New York’s current surrogacy laws permit a woman to carry a child for another parent, but they don’t allow her to be paid for doing it. And at the time of birth, the law recognizes the gestational carrier as the legal mother. Governor Cuomo seeks to change both of these laws, bringing New York into line with 47 other US states that permit contractual surrogacy arrangements. That would make 48 states with bad laws. Womb rental is akin to nine months of prolonged prostitution, and manufacturing children for sale.
New York’s motive for legalizing surrogacy is to avoid insulting the LGBTQIAP+ community. Along with infertile couples, they are the primary beneficiaries of womb rental. So opposition to surrogacy is called homophobic. That, however, is merely a convenient way to insist that women’s bodies should be on the commercial market.
New York’s legislative session ends on Wednesday. The bill to approve contractual surrogacy has passed the State Senate, though not yet the Assembly. Many lawmakers in Albany favor legalizing the practice on a fee basis. The opponents of fee-based surrogacy include Gloria Steinem, the Catholic Church, and a few New York Assemblywomen. The Church believes that, as with sex work, paying for the use of a woman’s body is to objectify and commodify that body. If money changed hands for this service, it would legalize the buying and selling of children.
New York State permits women to carry a child for others out of altruism, just as it permits organ donation. Yet organs are not allowed to be bought and sold. So why should the rental of women’s unique organs be any different? If so, what are the ethical standards for this practice? Gestation should not become a profession. The Handmaid’s Tale is not made better by monetary compensation.
Governor Cuomo has stated that progressive lawmakers who oppose legalizing contractual, fee-based surrogacy should not call themselves progressive. This may be a progressive cause for the LGBTQIAP+ people who demand equal access to the means of gestational production. But it comes at a cost to another, far more numerous but often less affluent interest group: women.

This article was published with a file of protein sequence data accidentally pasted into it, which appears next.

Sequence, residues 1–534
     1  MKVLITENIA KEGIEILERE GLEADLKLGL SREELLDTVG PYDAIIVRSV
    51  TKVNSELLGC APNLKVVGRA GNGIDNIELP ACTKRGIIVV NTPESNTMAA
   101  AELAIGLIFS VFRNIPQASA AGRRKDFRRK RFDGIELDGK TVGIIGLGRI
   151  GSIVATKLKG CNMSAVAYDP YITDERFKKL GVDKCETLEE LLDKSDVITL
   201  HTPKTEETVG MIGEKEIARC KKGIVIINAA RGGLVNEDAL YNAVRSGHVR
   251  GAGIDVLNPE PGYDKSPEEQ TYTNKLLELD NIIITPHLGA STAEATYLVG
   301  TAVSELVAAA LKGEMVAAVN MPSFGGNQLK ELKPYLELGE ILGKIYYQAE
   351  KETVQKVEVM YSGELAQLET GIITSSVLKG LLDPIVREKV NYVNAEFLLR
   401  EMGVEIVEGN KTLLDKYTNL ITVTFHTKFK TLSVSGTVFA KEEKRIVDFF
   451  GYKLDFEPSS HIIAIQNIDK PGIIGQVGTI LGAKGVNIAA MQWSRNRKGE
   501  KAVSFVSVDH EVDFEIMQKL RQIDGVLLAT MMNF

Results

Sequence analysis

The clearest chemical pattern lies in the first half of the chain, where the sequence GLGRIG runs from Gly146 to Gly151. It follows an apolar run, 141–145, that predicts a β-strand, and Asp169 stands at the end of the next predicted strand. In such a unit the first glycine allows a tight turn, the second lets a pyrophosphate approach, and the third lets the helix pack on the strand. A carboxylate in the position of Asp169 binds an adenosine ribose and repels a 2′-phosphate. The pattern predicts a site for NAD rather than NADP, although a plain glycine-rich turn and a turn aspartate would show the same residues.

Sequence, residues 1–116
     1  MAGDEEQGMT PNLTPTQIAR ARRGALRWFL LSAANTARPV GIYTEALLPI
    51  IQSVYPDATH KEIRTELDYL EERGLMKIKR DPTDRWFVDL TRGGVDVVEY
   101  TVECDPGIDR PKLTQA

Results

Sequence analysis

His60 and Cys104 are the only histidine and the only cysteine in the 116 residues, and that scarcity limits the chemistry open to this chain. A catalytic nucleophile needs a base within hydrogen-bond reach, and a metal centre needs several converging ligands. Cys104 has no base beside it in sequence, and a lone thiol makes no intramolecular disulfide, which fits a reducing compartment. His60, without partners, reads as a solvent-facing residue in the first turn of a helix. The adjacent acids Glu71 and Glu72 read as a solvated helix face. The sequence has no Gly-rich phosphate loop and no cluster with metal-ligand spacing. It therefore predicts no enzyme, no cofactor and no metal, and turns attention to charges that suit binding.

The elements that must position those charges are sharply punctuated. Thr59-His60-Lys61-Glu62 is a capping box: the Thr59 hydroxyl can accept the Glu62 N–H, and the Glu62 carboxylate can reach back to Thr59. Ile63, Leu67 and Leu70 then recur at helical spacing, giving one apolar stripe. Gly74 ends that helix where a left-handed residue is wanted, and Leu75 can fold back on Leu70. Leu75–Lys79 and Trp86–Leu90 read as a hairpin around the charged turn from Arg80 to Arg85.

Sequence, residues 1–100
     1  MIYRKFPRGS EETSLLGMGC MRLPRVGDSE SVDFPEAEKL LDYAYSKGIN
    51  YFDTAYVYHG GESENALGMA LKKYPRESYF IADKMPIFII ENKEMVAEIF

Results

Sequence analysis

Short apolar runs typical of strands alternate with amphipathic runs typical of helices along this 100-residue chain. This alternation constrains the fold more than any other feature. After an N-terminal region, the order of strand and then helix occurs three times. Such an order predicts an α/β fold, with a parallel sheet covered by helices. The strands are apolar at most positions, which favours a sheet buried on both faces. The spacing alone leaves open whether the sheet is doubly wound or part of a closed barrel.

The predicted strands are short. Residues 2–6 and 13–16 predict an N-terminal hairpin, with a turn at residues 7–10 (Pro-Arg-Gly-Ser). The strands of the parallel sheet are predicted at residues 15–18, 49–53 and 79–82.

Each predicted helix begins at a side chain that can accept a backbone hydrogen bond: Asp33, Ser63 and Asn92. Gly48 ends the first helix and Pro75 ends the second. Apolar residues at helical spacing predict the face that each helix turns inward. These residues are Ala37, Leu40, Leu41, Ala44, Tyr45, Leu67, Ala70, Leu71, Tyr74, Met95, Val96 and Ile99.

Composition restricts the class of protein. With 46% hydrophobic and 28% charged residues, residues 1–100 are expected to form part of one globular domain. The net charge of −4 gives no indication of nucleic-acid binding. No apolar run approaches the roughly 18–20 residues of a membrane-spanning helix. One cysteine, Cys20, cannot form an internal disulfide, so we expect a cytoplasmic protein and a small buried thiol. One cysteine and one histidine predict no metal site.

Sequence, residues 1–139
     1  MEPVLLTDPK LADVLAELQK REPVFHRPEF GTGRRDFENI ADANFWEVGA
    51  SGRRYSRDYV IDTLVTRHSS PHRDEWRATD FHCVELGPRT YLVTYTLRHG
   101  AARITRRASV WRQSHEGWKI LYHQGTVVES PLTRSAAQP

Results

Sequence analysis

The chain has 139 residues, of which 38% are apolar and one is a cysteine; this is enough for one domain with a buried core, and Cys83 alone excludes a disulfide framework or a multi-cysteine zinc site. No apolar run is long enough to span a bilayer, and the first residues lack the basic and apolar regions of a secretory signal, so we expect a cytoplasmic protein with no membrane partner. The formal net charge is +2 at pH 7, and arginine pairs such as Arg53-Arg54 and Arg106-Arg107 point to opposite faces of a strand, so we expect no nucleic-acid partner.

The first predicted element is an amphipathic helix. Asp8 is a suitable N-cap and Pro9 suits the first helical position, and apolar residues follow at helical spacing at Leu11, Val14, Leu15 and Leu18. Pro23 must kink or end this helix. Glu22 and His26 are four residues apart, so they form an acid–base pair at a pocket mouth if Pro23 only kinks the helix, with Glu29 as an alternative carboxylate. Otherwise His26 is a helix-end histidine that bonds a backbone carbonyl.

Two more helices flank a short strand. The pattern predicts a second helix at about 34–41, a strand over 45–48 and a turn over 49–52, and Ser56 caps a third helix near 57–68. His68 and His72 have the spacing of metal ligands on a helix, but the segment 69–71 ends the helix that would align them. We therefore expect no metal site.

Allowing women to receive payment for renting their wombs and space inside their bodies will inevitably encourage some women to enter the often dangerous condition of pregnancy simply for money. This incentivizes poor and unemployed women in particular, who are at greater risk to become prostitutes. It’s not typically the rich, well educated women who sell their bodies.
In states where commercial surrogacy is legal, women who already have families and children of their own often undertake surrogacy as a work-from-home option. The toll that pregnancy takes on a woman’s body is passed on not to the client who hires her body, but to her immediate family, including her own children, and to society. Will the surrogate customer undertake to guarantee all medical liability arising from pregnancy for the rest of the surrogate mother’s life?
If and when artificial wombs become commonplace, anyone who wishes to gestate a child for their own purposes will have the right to do so, and further ethical decisions will have to be made about how to allocate a life-giving resource. But we should not authorize the rental of women simply because people want to buy babies.
The progressive stance on matters maternal is peculiar, and lacks logical consistency. Progressives want to permit legal abortion, because the government has no place in women’s wombs. But progressives also want government to authorize womb rental because a well-organized lobby of above-average earners feel entitled to their use. Progressives distrust capitalism and claim to defend the poor. But progressives are calling for extending capitalism into the wombs of poorer women, and often for the benefit of wealthier male couples.
There are good reasons why organ sale is illegal. For many, the temptation to earn money through commodifying their own body parts would be hard to refuse. Until organ sale is permissible, the possibility of womb rental should not be considered. New York State should stand up for the rights of women and the less powerful, remain one of the few states to criminalize this practice, and not move forward with legalization.